Long-term Fertility Management Effect on Soil Carbon Fractions under Godavari Zone

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  • P V GEETHA SIREESHA Department of Soil Science and Agricultural Chemistry, Agriculture College, ANGRAU, Mahanandi - 518 502, Andhra Pradesh, India
  • G PADMAJA Department of Soil Science and Agricultural Chemistry, College of Agriculture, PJTSAU, Rajendranagar, Hyderabad - 500 030, Telangana, India
  • P C RAO Department of Soil Science and Agricultural Chemistry, College of Agriculture, PJTSAU, Rajendranagar, Hyderabad - 500 030, Telangana, India
  • CH SREENIVAS Andhra Pradesh Rice Research Institute & Regional Agricultural Station, ANGRAU, Maruteru, West Godavari - 534 122, Andhra Pradesh, India



Carbon stocks, Godavari Zone, Mineralizable carbon, Rice-rice cropping system, Soil organic and inorganic carbon, Soil microbial biomass carbon


Long-term fertilizer experiments provide the best possible means of studying changes in soil properties and processes for identifying the emerging needs in nutrient imbalances and deficiencies to formulate future strategies for maintaining soil health. A long-term experiment was conducted in Godavari Alluvials at Andhra Pradesh Rice Research Institute, Maruteru in Andhra Pradesh located at 81º44′ E longitude, 16º37′ N latitude and 5 m above mean sea level. The highest organic carbon content (1.70%) was noticed in the treatment receiving 50% recommended dose of fertilizers (RDF) of NPK + 50% N through FYM (T6) followed by T3 (FYM @ 10 t ha-1) and T5 (50% RDF of NPK + 50% N through green leaf manure (Calotropis spp.) with 1.69 and 1.65% of OC, respectively. All the treatments showed higher organic carbon content (recorded in 2016) than the initial value (0.55%) which was recorded at the initiation of the experiment in 1989. Similar trends were observed in rabi with soil organic carbon content varying from 0.53 to 1.88%. The highest SMBC (523.7 mg kg-1) was observed in T4 (100% RDF of NPK + FYM @ 5 t ha-1) followed by T6, T7, T5 and T8 treatments with microbial biomass carbon content of 482.6, 476.2, 434.8 and 413.4 mg kg-1, respectively. The highest mineralizable carbon (1218 mg CO2-C kg-1) was recorded in T4 (100% RDF of NPK + FYM @ 5 t ha-1). These results suggest that long-term application of organic manures alone or in combination with RDF has resulted in the buildup of soil organic carbon content even under tropical climates. The soils were rich in clay content (Godavari Zone) and there was relatively higher soil organic carbon content. Further, the addition of organic manures improved the macro aggregates and carbon storage inside the aggregates which was protected from decomposition.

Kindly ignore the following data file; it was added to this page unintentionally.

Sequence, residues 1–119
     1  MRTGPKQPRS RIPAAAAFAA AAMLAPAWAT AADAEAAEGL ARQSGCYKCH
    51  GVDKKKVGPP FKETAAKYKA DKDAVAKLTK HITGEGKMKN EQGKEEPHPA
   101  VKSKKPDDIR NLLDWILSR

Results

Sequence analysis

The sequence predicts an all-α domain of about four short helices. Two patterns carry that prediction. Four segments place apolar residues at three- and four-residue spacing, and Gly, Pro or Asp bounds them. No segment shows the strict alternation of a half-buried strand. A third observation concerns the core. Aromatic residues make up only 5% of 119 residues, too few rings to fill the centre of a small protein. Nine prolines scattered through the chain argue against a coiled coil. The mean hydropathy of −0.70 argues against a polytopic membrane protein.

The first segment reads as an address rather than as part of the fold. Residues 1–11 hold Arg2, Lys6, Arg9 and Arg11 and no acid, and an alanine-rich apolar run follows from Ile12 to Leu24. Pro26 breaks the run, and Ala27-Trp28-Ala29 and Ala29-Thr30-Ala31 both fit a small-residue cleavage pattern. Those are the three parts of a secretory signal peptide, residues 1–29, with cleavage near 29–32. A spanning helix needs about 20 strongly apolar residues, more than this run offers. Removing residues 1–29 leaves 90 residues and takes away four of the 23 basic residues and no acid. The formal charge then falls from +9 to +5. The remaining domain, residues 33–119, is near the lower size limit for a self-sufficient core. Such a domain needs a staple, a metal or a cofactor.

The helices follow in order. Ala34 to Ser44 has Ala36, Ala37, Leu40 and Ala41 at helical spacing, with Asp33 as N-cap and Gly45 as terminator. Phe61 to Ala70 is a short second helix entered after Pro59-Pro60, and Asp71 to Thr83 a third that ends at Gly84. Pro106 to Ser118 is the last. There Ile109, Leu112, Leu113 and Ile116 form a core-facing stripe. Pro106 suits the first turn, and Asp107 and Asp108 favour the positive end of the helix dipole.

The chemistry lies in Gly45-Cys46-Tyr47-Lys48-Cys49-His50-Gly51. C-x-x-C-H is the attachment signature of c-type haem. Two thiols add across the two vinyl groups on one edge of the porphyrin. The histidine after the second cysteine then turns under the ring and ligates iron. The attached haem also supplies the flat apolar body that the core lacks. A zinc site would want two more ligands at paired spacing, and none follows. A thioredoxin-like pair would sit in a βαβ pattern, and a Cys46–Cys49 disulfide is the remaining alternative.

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How to Cite

GEETHA SIREESHA, P. V., PADMAJA, G., RAO, P. C. ., & SREENIVAS, C. . (2024). Long-term Fertility Management Effect on Soil Carbon Fractions under Godavari Zone. Journal of the Indian Society of Coastal Agricultural Research, 41(2), 28-35. https://doi.org/10.54894/JISCAR.41.2.2023.135504